1. March 2024

How to connect your HR and L&D strategy

How to connect your HR and L&D strategy, according to an expert

How confident would you be that your employees have the right skills to reach your business goals in the next year? What about the next five? 

According to HR Grapevine, the skills needed for the average job are expected to change by 65% by 2030. Similarly, 69% of UK hiring managers believe skills gaps could grow in this time, thanks to the rate of change in how we work. Helping your employees to gain the skills they need is no longer a nice-to-have – it’s absolutely mandatory. 

So, how do you help your people to gain those missing skills at scale? We spoke to Aisling MacNamara, Senior Manager of Learning & Development at learning platform LearnUpon, to find out. 

Here, she shares how to use your L&D offering to prepare your workforce for these inevitable changes, in five crucial steps:

1. Focus on your onboarding

Ideally, your employees’ L&D journey with your organisation should start from day one in the company, says Aisling: “If you are building an L&D programme from the ground up, it’s always a good idea to make sure your onboarding programme is engaging and effective.”

This is especially true if your small business may be evolving from a more informal way of training new hires to a more structured approach. Getting things right from the very start of the employee lifecycle with skill-based onboarding will provide the foundations for long-term learning for your employees throughout their time in your company.

Aisling explains: “Onboarding is a crucial learning experience for new employees so I would start here and then build out to other areas of development, like career development.”

2. Define your overall people strategy

Next, consider what you really want to get out of your L&D programme. This will feel impossible if you do not have a clear people strategy in place to fully align it with: “HR should set the people goals (for example, retention) and your L&D strategy should then support this.”

For example, a top-line goal for your people strategy may be to reduce regretted attrition and increase engagement. To do either, L&D programmes can help ladder up into those goals.

When defining your goals for this, don’t forget that clear but ambitious goals not only benefit the business, but they will benefit your employees too. In fact, 96% of organisations notice an improvement in employee wellbeing when they focus on L&D:

“Employees want to develop and advance their careers and the company wants to be successful and achieve ambitious targets. Learning plays a huge role in this and I see L&D as being the link between these.”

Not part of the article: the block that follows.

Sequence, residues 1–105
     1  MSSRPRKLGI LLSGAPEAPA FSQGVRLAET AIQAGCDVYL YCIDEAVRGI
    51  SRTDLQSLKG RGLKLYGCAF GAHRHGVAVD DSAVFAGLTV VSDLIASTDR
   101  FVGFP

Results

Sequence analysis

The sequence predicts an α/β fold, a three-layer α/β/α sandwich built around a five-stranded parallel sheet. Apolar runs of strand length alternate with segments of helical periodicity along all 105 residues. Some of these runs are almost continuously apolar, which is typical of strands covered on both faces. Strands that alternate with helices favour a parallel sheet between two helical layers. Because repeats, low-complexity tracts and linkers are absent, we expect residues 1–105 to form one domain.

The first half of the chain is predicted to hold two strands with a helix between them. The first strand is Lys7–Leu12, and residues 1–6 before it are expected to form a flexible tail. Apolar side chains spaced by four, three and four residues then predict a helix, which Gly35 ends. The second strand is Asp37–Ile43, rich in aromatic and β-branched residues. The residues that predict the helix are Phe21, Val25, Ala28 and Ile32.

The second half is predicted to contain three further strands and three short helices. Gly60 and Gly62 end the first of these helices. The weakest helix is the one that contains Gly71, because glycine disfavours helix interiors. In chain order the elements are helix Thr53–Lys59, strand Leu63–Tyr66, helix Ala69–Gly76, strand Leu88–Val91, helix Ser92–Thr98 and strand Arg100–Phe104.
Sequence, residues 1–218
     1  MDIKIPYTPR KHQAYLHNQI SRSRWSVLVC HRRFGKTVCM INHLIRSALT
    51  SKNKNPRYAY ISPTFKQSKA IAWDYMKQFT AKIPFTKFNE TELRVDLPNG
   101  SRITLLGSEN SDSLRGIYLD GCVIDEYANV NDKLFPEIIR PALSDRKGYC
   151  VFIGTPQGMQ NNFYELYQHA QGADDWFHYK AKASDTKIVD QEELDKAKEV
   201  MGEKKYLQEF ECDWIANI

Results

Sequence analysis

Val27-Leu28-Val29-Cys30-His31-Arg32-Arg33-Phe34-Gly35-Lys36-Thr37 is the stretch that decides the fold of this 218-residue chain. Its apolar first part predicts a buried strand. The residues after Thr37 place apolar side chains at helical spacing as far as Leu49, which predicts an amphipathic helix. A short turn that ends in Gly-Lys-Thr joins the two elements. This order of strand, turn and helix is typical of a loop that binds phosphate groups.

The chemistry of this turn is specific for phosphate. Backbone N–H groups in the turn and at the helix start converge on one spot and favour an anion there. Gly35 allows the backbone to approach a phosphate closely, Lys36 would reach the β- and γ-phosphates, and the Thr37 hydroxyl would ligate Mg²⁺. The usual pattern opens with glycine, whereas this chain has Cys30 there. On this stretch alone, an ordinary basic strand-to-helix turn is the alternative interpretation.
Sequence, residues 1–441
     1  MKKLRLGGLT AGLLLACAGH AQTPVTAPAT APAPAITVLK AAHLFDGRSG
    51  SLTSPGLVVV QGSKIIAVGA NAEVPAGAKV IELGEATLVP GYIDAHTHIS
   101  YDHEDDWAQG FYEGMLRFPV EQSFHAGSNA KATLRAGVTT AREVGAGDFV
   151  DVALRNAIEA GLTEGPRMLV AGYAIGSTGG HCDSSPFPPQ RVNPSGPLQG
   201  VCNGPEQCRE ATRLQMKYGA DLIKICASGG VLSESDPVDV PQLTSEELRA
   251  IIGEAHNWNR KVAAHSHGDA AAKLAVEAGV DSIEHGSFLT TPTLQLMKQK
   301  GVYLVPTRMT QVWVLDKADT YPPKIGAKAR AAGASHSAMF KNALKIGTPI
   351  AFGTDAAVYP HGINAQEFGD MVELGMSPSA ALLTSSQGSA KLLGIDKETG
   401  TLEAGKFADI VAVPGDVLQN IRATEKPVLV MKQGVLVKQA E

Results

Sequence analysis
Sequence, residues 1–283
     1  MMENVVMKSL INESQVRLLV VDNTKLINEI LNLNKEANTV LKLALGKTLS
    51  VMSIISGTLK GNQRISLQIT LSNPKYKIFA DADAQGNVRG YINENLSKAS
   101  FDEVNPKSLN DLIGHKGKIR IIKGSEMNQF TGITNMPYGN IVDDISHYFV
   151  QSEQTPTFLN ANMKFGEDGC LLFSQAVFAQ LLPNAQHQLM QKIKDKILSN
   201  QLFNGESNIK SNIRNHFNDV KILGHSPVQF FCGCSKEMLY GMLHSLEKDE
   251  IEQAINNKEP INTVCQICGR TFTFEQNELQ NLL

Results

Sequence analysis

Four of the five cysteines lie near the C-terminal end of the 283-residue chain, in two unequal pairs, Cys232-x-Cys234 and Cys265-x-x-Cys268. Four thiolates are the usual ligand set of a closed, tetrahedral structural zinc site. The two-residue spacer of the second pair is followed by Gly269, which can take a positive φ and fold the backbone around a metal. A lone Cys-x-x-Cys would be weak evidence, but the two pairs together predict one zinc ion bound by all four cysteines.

3. Ensure your L&D team can be data-driven

From Aisling’s perspective, a really positive trend we’re seeing for L&D is that the responsible teams finally have a seat at the table and leadership teams are invested in our learning strategy. 

However, with this comes more pressure to demonstrate the value of our work. This means that it’s crucial to be able to provide executives and other senior leaders with the metrics that matter.

Aisling explains: “If we need to measure and show the business value of our programmes, we need skills to do that. I think a slightly underrated trend is the topic of L&D teams being able to develop themselves. Data analysis, using AI for smart reporting and connecting our learning systems are all emerging power skills for L&D teams.”

4. Define your goals on three key levels

Once you’ve outlined your exact L&D strategy, it’s just as important to be able to define its success. It’s something that will ultimately help with hiring and keeping great employees, says Aisling: “Ensuring that all L&D programmes have a results strategy aligned to them will transform learning into a competitive advantage that will attract the best talent.”

The best way to do this? Create exact expectations that each learning opportunity will have on three specific levels: 

  1. The employee

  2. The team

  3. The overall business

Aisling suggests: “Mapping out the results you expect this learning to have for your learners, their teams and the overall business ensures time spent learning is both valuable and engaging.”

5. Offer practical and varied learning opportunities

As anyone who has had to endure dull compulsory company training will know all too well, we all learn differently. And it’s important that your L&D programme recognises that and offers learning opportunities that are going to actually add value for your employees and more importantly, sustain their attention and investment:

“There is no time for uninspiring and traditional approaches of spending hours doing eLearnings or feeling like you are back in a classroom. People want engaging, innovative and micro-learning solutions that help them do their job better and create advancement opportunities.” Relevance is key: “Think about creating ways for employees to practise with real world applications and linking their development to performance will support this.”

As we move through 2024, not only are the skills we need for our businesses changing, but the ways in which we as employees gain those skills need to change significantly too. It is crucial that you take the time now to build out an L&D programme that not only helps your employees to feel engaged and motivated but one that is also going to carry your business into the future and beyond. 

Looking for an even smarter way to connect your L&D and HR processes? Join us for our upcoming webinar with LearnUpon: How to build high-performing teams with internal development on Tuesday March 19th. Reserve your space here.

Hannah Popham

Hannah Popham

Hannah is a Senior Content Marketing Manager at Personio. She loves writing about the ever-changing ways that we work and how they intersect with our lives outside work.

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